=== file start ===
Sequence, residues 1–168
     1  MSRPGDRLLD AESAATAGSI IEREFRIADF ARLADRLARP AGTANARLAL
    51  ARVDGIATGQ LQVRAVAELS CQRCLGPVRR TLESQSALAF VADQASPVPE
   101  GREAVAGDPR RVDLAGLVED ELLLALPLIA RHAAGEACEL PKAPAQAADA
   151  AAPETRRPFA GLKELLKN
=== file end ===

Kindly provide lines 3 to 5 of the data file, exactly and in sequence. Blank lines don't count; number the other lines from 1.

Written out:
    51  ARVDGIATGQ LQVRAVAELS CQRCLGPVRR TLESQSALAF VADQASPVPE
   101  GREAVAGDPR RVDLAGLVED ELLLALPLIA RHAAGEACEL PKAPAQAADA
   151  AAPETRRPFA GLKELLKN